It’s still a prevalent piece of advice, however – in fact,  a 2010 study of 93 practicing physicians and midwives found that 64 percent of all respondents believed that maternal exercise heart rate should not exceed 140 beats per minute.

Your best bet? Again, check with your doctor for specific metrics, but also consider using breathlessness and perceived exertion to keep yourself in check during workouts.

Myth #2: Don’t lift more than 25 pounds. 

This is actually an arbitrary number, meaning there are no studies that show that lifting more than 25 pounds has an effect on birth weight or premature labor.

It is true that a woman’s capacity to safely lift a load decreases throughout pregnancy, but this has more to do with a change in center of gravity affecting balance, as well as hormones causing connective tissue, ligaments and tendons to soften in preparation for labor.

The safest game plan? Gradually reduce your maximum load as pregnancy progresses, and pay special attention to keeping proper form to avoid unnecessary injury.

Myth #3: Vigorous exercise will overheat the baby. 

You’ve heard the term “bun in the oven” but no woman wants to inadvertently cook her poor fetus!

Interestingly enough, pregnant bodies have a few mechanisms in place to prevent this, however: First, increased blood volume and a lower sweat threshold make it easier to get rid of excess heat. And, second, mama’s weight gain means more tissue that needs to be kept warm.

Of course, use common sense and don’t run in the heat of the sun at the warmest time of day. But as long as you hydrate, hydrate, hydrate and keep cool with sweat-wicking fabrics and proper ventilation, etc., you should be good to go.

Myth #4: Ab workouts are off limits. 

Yes, doing crunches, sit-ups and other ab exercises on your back are a major no-no after the first trimester because they put you at an increased risk for diastasis recti. But that doesn’t mean you should ignore your core!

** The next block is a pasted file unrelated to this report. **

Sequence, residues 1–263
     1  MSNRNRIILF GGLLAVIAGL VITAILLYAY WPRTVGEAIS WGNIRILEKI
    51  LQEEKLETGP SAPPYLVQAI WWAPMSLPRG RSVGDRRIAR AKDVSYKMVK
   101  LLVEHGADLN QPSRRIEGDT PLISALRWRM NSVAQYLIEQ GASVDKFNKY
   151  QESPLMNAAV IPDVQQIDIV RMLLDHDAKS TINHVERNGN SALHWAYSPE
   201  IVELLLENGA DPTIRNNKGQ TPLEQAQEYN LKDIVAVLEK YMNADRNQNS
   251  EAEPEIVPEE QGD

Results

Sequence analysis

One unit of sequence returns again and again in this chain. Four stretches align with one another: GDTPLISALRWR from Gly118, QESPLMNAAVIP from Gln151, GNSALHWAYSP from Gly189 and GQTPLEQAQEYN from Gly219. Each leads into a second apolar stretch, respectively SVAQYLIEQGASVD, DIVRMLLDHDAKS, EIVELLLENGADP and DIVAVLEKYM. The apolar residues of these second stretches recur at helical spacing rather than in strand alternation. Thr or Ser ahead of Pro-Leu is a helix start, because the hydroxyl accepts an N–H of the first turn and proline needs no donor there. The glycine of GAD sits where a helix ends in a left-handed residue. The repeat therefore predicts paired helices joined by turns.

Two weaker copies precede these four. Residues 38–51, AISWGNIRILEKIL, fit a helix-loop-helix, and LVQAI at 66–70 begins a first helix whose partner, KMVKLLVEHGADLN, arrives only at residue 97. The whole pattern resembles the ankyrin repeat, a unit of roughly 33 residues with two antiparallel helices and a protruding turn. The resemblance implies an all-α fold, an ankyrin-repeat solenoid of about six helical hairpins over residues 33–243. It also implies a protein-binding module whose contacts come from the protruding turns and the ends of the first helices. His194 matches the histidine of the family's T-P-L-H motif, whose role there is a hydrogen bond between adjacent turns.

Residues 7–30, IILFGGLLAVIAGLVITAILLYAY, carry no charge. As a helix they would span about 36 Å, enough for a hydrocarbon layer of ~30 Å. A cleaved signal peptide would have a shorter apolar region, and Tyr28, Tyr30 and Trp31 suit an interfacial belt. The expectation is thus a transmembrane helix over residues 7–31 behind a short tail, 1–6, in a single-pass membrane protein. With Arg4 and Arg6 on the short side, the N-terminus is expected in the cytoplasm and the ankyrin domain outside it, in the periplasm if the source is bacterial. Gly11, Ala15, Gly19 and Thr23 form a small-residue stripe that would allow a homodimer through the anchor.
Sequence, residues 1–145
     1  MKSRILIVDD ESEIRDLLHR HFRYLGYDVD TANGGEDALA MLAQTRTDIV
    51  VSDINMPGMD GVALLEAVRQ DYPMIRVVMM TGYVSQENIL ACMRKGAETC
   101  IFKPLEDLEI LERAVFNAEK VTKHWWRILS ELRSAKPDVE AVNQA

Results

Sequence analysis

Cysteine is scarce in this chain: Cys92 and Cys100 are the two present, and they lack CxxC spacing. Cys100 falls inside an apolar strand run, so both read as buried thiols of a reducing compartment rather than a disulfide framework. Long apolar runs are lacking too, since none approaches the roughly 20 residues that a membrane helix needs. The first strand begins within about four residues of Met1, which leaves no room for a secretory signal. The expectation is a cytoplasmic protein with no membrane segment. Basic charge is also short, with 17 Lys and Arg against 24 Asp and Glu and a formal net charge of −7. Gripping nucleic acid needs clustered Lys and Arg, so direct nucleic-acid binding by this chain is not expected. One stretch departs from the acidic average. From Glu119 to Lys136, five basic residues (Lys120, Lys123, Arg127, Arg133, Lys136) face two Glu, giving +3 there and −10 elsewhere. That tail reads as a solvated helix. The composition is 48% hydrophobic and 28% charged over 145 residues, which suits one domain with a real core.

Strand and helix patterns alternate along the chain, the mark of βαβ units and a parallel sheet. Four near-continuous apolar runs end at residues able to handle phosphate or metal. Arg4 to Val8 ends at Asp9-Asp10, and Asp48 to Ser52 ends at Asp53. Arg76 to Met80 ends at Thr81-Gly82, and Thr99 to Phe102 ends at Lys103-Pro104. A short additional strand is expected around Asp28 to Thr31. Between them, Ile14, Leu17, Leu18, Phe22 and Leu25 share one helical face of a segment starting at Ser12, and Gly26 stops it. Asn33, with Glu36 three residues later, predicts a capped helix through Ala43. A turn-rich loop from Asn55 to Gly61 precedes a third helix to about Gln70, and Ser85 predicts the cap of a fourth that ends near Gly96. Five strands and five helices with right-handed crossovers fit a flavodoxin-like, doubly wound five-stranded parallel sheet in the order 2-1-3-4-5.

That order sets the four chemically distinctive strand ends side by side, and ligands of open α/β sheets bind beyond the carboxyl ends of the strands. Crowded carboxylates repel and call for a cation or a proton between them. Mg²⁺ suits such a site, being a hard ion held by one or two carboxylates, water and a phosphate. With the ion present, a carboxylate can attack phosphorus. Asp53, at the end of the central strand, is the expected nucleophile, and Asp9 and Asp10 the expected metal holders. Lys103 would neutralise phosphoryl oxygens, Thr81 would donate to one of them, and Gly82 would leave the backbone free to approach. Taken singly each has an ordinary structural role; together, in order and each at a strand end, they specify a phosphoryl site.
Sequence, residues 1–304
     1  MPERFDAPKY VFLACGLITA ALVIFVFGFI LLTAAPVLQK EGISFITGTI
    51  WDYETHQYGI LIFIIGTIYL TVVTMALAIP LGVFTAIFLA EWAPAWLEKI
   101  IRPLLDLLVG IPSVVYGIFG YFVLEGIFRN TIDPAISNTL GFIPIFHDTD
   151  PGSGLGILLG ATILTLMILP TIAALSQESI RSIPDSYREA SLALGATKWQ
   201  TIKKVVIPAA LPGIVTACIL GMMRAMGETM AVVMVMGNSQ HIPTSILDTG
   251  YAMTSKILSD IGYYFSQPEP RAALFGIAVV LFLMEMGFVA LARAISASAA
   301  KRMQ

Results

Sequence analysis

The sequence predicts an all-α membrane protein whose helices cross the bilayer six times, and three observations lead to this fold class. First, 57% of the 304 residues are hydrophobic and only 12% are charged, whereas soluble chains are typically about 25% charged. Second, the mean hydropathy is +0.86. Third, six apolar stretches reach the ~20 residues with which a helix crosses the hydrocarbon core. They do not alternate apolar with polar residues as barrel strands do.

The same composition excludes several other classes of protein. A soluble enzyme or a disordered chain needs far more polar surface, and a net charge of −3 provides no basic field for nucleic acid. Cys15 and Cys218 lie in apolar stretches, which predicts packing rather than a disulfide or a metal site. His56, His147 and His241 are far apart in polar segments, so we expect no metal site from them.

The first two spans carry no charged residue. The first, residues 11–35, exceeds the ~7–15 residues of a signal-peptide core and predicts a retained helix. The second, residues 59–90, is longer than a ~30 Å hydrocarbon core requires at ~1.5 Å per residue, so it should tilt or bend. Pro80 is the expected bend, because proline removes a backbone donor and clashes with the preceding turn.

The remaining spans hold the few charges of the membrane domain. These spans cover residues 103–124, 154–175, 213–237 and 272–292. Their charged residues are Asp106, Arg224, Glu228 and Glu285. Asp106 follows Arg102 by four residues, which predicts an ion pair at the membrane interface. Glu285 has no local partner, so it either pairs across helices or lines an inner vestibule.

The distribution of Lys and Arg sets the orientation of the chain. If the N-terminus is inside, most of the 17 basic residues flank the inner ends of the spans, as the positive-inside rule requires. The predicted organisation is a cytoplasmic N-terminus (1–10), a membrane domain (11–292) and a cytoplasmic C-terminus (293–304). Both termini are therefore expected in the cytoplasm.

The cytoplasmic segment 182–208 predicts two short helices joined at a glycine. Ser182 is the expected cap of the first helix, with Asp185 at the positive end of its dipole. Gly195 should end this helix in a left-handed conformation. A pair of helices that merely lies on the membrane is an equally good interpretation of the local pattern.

Depending on the state of your stomach (check with your doctor or a physical therapist first), things like planks may even be off-limits. So modify, as needed, and monitor for “coning” to help avoid separation of your abs.

What else can you do? My best advice here is to see a physical therapist who specializes in pre- and post-natal work to develop a personalized program to keep your core strong – yet safe – during pregnancy.

Myth #5: If you weren’t active before, now is not the time to start. 

You can use your pregnancy to get off the hook when it comes to a lot of stuff, but never – I repeat NEVER – is it an excuse to be totally inactive (unless you’re on doctor-prescribed bed rest, of course).

The exercise benefits to both mama and baby are so great that it’s worth the time and energy investment throughout your pregnancy – just (again) use common sense and stay away from activities that increase your risk of falling. Be mindful of the belly!

If you’ve been active, perfect – simply stick to your usual routine, dialing it back to adapt to your changing body. And if you’re new to working out, even better – now’s the best time to start a wonderful habit with lasting positive effects on both mama and baby for years to come.

Again, it’s worth repeating: Always clear any kind of activity and/or exercise with your doctor. S/he knows your unique situation and can give the best advice.

And, above all else, listen to your own body. You’d be surprised at how mama intuition kicks in when you leave expectations and ego at the door and simply appreciate what your body is able to do!

Recipe: No-Bake Mocha Energy Bars

IMG_9221.JPG

I think we can all agree that snacks are pretty awesome.

That quick energy boost is a must, whether you’re deep in race training, pushing through the mid-afternoon slump of a work/school day or chasing after a toddler with a battery that just keeps going and going…and going.

But, alas, very few snacks lie at the intersection of “treat yo’self” and “treat your body well,” which is why I’m really excited to share this recipe for my No-Bake Mocha Energy Bars.

You guys: If fudge and a brownie had a baby, it’d taste just like this – but the best part is that they’re made with just a handful of whole-food ingredients.

Not only did they pass the husband-taste-test with flying colors, but they’re also loaded with protein, fiber, natural sugar and all kinds of vitamins and nutrients. So get your snack on!

No-Bake Mocha Energy Bars

Ingredients: 

  • 1/2 c almonds
  • 1 c walnuts
  • 2 c Bard Valley Natural Delights Medjool dates
  • Near-boiling water (to soak dates)